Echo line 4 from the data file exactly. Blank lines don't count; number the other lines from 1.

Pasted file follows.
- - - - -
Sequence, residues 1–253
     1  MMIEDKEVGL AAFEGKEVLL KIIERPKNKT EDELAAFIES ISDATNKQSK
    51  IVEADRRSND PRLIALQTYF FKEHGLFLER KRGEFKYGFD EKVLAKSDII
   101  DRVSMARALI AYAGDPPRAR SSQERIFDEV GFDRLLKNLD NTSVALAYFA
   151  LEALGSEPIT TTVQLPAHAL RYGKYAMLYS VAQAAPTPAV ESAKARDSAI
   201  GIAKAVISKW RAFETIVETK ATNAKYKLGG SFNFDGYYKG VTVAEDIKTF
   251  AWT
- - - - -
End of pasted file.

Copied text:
   101  DRVSMARALI AYAGDPPRAR SSQERIFDEV GFDRLLKNLD NTSVALAYFA